This butterfly is fairly easy to identify when it is fresh, with very distinct markings on the hindwing below, but as it wears it becomes a very light color and the markings become barely visible. Therefore, late in their flight period, sightings of very worn skippers with barely visible markings often turn out to be this species.
In 2007, I saw two very worn individuals that contrasted greatly with the very fresh Common Branded Skippers that I was trying to photograph. These individuals were nearly white below, with barely visible lighter markings on the hind wing. Unfortunately for the identification of very worn butterflies, almost all photos online and in books are of fresh, brightly-colored butterflies or skippers. I am sure that I have taken some photos of these worn specimens of this species, but even I seem to have deleted them!
Weekly sightings for Long Dash
Below, the wings are various shades of brown with a very distinct lighter spot band on the hindwing. Above, the male is orange with a long, wide stigma and a dark border on the forewing. The female is similar with less orange and with dark marks similar to, but wider than, the male’s stigma. The hindwing of both sexes is marked similarly above as below.
This species is very similar to the Indian Skipper; distinguishing these species when and where they both occur is difficult. The Indian Skipper is lighter in general than the Long Dash, and the spot band on the hindwing of the Indian Skipper does not contrast with the color of the hindwing below as much as that on the Long Dash. Above, the Indian Skipper is much lighter, the male has a much thinner stigma, and the female does not have dark markings across the middle of the forewings. In general, the Indian Skipper flies about two weeks before the Long Dash.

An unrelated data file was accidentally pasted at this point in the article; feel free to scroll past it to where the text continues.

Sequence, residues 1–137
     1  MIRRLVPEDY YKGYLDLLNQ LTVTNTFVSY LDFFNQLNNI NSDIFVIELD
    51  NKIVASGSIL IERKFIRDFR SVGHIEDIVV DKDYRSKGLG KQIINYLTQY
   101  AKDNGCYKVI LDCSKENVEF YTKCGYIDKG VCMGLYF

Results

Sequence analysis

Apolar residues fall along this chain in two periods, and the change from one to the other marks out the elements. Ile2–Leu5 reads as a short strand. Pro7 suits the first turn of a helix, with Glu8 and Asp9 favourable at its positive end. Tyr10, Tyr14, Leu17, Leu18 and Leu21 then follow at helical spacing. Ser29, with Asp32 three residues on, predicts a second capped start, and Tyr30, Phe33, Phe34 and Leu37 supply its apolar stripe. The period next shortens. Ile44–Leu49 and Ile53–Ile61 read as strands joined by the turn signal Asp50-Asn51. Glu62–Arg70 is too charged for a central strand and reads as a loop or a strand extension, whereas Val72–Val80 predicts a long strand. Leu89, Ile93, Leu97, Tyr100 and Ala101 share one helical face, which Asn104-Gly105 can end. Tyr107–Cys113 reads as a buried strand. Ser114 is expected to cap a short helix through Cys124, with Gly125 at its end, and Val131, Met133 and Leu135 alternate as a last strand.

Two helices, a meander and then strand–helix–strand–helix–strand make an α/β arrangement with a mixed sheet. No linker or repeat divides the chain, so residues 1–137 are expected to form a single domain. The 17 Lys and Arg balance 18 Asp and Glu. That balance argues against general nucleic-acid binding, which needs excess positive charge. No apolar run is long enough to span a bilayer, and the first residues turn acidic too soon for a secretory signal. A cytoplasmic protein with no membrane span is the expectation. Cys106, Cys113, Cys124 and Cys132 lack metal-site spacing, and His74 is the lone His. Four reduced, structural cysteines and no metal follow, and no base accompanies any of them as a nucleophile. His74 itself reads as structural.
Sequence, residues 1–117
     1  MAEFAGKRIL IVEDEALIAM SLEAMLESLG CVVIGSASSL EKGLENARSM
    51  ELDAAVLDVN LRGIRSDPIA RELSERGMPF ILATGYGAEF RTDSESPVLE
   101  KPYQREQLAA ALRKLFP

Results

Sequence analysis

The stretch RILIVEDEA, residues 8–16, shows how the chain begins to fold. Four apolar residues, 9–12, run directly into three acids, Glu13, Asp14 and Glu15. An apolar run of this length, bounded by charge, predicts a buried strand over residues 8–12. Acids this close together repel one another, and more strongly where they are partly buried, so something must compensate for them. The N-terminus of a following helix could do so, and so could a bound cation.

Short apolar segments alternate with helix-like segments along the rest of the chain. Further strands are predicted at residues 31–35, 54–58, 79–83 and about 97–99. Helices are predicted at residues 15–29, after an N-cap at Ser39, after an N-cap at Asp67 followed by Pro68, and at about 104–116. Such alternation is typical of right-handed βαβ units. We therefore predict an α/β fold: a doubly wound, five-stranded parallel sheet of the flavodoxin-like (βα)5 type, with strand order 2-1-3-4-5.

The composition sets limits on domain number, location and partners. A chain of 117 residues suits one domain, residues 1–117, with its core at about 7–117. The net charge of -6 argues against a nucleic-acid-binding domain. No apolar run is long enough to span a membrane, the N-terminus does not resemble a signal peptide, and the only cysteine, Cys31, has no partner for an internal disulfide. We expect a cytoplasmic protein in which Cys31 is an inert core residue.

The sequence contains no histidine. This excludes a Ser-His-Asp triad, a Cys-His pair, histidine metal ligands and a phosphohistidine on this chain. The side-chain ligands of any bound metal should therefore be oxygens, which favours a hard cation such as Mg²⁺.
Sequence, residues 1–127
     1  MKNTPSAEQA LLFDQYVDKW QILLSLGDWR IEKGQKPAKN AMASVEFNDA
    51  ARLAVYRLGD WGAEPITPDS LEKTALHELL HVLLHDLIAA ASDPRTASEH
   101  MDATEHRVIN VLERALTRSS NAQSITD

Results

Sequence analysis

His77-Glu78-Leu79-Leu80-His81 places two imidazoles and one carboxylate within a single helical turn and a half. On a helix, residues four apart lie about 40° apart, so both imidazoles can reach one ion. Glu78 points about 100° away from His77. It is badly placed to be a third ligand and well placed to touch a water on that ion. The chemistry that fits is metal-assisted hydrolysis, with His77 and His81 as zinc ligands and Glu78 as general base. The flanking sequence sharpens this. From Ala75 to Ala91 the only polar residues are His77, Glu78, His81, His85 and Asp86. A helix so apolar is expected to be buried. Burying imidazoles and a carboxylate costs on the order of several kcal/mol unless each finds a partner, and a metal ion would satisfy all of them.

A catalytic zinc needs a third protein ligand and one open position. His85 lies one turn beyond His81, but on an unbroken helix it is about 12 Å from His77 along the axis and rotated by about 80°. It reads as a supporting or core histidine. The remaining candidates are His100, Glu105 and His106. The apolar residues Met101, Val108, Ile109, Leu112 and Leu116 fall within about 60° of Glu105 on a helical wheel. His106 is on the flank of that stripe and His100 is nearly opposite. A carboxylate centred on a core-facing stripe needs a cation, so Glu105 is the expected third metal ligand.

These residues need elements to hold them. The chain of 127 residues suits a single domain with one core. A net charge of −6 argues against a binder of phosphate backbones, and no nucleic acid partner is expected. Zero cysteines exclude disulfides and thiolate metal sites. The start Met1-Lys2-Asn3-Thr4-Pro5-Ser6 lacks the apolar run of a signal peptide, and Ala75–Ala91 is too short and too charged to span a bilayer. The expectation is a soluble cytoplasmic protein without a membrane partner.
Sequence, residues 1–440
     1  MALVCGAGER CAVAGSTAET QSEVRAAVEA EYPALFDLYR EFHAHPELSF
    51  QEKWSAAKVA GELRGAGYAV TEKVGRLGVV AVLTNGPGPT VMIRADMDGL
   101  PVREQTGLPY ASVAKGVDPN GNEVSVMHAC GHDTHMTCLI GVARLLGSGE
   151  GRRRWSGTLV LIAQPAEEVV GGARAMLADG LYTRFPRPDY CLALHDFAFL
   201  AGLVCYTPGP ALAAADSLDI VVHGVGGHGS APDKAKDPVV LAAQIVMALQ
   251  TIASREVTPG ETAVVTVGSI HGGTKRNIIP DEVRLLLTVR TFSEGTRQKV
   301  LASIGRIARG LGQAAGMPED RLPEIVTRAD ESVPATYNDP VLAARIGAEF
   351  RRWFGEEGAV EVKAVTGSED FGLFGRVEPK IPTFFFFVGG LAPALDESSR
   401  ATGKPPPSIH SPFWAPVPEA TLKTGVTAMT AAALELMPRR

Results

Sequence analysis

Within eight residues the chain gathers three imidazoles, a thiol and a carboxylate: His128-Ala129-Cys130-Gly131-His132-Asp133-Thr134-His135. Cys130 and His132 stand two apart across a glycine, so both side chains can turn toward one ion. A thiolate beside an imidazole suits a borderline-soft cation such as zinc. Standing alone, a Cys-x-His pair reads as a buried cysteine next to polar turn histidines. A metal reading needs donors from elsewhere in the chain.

Found along wetland edges, streams, grassland areas, and roadsides
One fight, from mid-June to the first week in August
A common skipper throughout Wisconsin. It is not uncommon to see more than twenty individuals in an area during its peak flight, and in 2009 I saw over 225 of these at Buena Vista Marsh.
Early Long Dash Sightings
|May 22, 2010||Vernon||Daniel Jackson|
|May 27, 2012||Wood||Ron Arnold|
|May 30, 2012||Adams||Pamela Willis|
|May 30, 2016||Jackson||Dan Sonnenberg|
|May 31, 2012||Adams||Pamela Willis|
Northeast of Goodman, Marinette Co., WI. July 5, 2006.
East of Mecan Springs SNA, along the Mecan River, Waushara Co., WI, June 16, 2005.
Northern Kettle Moranine State Forest, Fond du Lac Co., WI, July 14, 2004.